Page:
Thursday, November 08, 2007
Comic oddities: Tarkan
Unlike today, with comic racks in High Street shops dominated by pre-school magazines by the major publishers, the 1970s saw an assortment of comics come and go from a variety of publishers, large and small. One of the shortest lived oddities was Tarkan, launched in late February 1973 from Simavi Publishing Ltd.
Tarkan was a reprint of a popular Turkish comic written and drawn by Sezgin Burak. The title character was a warrior in Atilla the Hun's army, "the great hero of the Turks" who fought the Romans. The weekly British comic featured just 16 pages, half the length of a 32 page IPC comic, but all in full colour (albeit flat and slightly off-register colour). Most UK comics at that time would be mostly black and white, but Tarkan's flimsy format still made it look poor value in comparison.
The storytelling technique was unsophisticated but slightly more adult than the usual fare British readers would be used to. Tarkan beds a woman at the end of issue one, although the English translated caption states that "Gently Tarkan pushed her away, for he had come on a mission of hate, not love". Presumably it was a completely different scenario in the original Turkish text, as the couple are both (discreetly) naked in the next moment.
According to the late Denis Gifford's Complete Catalogue of British Comics the comic only ran for 34 issues in the UK. I must admit I gave up on it after issue one, although that was more to do with the style being unfamiliar than the quality of the comic. At 13 one is less willing to give unusual comics a chance unfortunately, and given Tarkan's short run, I'm guessing most kids of my generation felt the same.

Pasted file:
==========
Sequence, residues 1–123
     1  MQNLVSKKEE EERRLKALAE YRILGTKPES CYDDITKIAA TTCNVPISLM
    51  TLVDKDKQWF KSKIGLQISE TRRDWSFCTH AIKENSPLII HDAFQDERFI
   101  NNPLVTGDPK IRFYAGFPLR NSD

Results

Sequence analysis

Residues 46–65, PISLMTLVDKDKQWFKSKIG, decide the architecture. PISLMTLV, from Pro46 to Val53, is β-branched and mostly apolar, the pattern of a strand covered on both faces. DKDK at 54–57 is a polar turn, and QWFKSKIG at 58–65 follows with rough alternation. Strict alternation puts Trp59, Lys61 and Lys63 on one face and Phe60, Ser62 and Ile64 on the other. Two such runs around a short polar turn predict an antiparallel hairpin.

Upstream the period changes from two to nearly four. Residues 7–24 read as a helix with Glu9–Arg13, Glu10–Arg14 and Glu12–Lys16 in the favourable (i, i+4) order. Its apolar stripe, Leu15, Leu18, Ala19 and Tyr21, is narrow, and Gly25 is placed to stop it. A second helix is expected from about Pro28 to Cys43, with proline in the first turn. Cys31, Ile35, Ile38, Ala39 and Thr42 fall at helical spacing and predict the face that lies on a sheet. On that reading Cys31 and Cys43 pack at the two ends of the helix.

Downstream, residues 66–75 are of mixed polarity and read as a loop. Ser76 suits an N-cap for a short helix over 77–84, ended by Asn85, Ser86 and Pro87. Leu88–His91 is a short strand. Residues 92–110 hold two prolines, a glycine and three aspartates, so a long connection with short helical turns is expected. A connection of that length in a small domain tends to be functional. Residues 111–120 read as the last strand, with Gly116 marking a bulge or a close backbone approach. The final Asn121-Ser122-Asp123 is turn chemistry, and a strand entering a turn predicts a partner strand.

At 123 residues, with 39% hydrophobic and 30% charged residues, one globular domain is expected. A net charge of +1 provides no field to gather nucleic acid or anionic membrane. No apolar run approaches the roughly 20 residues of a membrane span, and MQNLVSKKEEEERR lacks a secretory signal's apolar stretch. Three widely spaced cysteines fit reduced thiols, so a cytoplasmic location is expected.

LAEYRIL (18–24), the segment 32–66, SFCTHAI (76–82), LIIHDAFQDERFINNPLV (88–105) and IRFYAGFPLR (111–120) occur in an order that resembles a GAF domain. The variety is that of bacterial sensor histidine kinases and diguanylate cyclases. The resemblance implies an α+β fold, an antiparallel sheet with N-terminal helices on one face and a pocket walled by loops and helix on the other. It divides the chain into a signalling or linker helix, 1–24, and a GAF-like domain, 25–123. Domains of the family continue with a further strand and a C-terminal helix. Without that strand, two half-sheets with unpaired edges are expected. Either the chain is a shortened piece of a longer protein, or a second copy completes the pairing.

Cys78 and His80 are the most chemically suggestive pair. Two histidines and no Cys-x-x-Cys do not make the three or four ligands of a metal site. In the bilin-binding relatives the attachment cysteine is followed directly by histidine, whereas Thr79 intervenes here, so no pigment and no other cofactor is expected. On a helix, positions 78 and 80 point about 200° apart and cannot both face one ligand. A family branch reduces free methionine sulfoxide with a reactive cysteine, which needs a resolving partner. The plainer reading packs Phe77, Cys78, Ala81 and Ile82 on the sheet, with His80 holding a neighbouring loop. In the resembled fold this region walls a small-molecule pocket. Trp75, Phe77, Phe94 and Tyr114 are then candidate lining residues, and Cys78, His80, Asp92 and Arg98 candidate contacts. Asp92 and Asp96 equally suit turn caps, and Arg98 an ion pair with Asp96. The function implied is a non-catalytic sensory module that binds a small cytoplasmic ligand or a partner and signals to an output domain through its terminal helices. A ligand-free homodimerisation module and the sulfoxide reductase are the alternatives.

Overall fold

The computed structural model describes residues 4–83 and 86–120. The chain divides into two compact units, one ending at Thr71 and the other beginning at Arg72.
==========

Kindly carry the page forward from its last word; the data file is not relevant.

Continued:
However, in its native Turkey Tarkan is apparently hugely popular. From briefly researching the character I found that the series began there in 1967 and featured in 21 magazines with a total of 15 adventures. (The one that ran in the UK weekly, the undramatic sounding Mario's Pigeons being the fifth adventure it seems.)
From 1969 the character was also adapted into a series of films with scripts written by Burak. YouTube currently has the 1971 film Tarkan, Viking Kani (Viking Blood). "Cheap and cheerful" would be one description. Here's a clip (best viewed with Firefox or Safari browsers):